This story was originally published in January after the trial of Laurence Alvin Lovette, a man accused in Eve Carson’s murder, was found guilty. Today, on the anniversary of her death, it’s republished here in her memory. See the Eve Carson topic page for more, and share your memories of Eve on Facebook.
Eve Marie Carson’s murder was a random crime — but it has left a permanent mark on the University and those who knew the vibrant, beloved 2008 student body president.
On Dec. 20, the almost four-year legal journey for the Durham man charged with Carson’s March 2008 murder came to a close.
A look at the police and University reactions to Eve Carson’s murder:
Brian Curran was the chief of the Chapel Hill Police Department when Eve Carson was murdered in 2008. Curran, whose agency led the investigation into her murder, said Carson’s murder not only posed an unprecedented challenge to his department but also changed the way it interacts with the surrounding community.
“There was a tremendous amount of pressure to solve this case,” said Curran, who had only been police chief for four or five months at the time of the murder. He said that the pressure was escalated by the media attention the case attracted and the challenge of involving nearby agencies who wanted to assist while maintaining a cohesive investigation.
“We initially didn’t have a lot to go on,” he said. “I was having to make people go home to sleep.”
But he said that after much hard work, the pieces came into place and police were able to draw conclusions and arrest Laurence Alvin Lovette Jr. and Demario James Atwater.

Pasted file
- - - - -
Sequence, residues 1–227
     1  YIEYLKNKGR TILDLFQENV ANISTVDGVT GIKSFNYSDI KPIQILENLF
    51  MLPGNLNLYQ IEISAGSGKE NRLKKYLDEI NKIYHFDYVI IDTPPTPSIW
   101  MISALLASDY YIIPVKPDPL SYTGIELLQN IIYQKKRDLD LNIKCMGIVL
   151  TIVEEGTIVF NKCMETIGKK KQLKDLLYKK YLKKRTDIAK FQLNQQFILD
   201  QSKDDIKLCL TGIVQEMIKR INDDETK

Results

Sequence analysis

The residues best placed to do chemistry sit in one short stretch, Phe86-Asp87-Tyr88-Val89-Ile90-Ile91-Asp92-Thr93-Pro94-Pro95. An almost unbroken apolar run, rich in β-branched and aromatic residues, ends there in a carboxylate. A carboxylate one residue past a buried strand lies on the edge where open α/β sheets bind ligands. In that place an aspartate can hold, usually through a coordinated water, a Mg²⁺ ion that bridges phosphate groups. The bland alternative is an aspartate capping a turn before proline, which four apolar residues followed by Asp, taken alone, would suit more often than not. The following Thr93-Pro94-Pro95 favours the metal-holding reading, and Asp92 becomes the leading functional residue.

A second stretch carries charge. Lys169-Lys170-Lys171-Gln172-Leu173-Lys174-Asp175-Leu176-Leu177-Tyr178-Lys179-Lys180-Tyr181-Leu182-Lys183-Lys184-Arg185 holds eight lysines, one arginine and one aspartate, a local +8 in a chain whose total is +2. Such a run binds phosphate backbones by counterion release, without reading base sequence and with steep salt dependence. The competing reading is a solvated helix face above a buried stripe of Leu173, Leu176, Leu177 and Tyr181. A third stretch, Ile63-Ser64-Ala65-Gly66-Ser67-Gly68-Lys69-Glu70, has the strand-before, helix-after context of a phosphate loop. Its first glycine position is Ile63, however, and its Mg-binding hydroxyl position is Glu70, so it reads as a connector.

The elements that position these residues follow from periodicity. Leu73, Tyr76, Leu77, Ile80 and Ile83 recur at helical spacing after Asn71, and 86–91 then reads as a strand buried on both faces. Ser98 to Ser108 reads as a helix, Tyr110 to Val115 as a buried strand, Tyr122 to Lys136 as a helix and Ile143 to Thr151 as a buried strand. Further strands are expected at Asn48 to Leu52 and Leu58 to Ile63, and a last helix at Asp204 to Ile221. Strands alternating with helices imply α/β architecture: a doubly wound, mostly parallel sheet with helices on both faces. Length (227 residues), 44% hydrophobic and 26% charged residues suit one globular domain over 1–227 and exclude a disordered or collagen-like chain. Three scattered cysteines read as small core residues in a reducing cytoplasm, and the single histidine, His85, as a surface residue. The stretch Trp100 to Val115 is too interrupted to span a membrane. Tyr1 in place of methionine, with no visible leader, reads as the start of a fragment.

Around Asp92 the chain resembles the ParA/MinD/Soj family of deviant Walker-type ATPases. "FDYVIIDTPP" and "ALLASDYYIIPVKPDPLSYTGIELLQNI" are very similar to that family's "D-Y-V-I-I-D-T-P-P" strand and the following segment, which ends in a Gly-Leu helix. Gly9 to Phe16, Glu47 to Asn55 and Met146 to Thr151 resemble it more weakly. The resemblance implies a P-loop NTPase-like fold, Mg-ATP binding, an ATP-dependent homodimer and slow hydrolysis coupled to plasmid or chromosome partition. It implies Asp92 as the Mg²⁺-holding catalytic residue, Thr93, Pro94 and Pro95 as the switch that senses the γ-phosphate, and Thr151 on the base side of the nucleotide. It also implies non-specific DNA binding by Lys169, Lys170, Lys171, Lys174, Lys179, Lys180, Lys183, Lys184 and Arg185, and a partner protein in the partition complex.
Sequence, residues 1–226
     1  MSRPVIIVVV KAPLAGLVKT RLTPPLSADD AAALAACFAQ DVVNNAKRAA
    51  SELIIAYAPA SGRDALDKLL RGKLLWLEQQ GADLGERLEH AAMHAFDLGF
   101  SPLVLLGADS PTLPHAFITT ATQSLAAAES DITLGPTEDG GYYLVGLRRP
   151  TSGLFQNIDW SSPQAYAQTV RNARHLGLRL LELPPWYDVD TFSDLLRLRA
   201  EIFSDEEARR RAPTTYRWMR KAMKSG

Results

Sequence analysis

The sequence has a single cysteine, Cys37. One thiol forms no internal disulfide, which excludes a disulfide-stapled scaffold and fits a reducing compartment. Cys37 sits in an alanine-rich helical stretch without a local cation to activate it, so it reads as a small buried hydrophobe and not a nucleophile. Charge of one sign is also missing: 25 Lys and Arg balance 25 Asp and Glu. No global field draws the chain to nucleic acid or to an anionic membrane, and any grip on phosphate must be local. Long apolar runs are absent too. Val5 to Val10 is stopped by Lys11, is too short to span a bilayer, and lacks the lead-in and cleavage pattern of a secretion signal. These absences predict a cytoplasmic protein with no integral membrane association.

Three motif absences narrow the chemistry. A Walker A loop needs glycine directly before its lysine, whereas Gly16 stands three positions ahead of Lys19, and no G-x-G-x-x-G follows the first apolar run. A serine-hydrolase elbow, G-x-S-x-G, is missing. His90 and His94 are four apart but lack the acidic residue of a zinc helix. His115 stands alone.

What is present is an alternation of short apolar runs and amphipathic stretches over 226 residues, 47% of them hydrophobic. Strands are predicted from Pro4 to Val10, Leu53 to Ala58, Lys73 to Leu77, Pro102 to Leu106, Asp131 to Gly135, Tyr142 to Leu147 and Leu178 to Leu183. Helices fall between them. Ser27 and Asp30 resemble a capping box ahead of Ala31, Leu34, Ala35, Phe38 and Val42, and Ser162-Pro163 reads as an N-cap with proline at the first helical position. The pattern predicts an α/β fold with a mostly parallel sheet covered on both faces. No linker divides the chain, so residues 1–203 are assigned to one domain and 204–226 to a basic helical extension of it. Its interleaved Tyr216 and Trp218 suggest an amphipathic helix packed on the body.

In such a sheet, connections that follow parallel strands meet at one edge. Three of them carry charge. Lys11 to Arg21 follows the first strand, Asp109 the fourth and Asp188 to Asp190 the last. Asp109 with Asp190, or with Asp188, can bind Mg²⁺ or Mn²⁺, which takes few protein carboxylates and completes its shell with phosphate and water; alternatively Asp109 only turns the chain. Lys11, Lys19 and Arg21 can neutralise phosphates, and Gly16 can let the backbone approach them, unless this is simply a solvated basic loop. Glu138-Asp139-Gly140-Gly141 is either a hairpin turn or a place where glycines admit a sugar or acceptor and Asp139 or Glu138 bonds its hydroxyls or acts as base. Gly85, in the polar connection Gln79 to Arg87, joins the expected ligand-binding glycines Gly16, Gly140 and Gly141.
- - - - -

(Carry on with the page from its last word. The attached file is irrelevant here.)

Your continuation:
After more than three years, Curran said it is gratifying to see both of the men police believed to be responsible for Carson’s murder found guilty and sentenced to jail and taken off the streets.
“The whole thing is just a very sad case – the affect that Eve’s death had on the town, it was profound.”
Curran said he believes people in Chapel Hill feel differently about safety following the murder.
“I think it certainly impacted how people felt about safety,” Curran said. “This was a really random crime… there really wasn’t a whole lot that Eve could have done to make this turn out differently.”
He said that the murder prompted better communication between Chapel Hill police, the University administration, and student groups like fraternity and sororities.
Winston Crisp, who was assistant vice chancellor for student affairs when Carson was killed in 2008, said that her death affected how the University views safety – and took a brilliant, beloved individual away from her peers and administrators.
Crisp said that the fact that Carson’s killing happened during the era of the Virginia Tech shootings shook the sense of security people once felt on campus.
“No one ever thought of this kind of a thing happening around a college,” he said. “As administrators, you’re looking a new sort of reality.”
He said that though Lovette’s sentencing and the conclusion of court proceedings relating to the Carson case will likely provide closure to individuals, it is unlikely to have major affects on the University as a whole. He said that the case’s main impact was felt when Carson herself was lost.
“Beyond being a student and beyond being Student Body President, Eve was also Eve,” he said. “We lost a smart, witty, vibrant, intelligent young person.”
Laurence Alvin Lovette Jr., 21, was found guilty of first-degree murder, first-degree kidnapping, armed robbery and felony larceny in connection with Carson’s death and sentenced to life in prison — ending a three-week trial that revealed new details about Carson’s final hours.
Carson was found dead in a Chapel Hill neighborhood on the morning of March 5, 2008, after being kidnapped from her home, taken to withdraw money from her bank account and shot five times.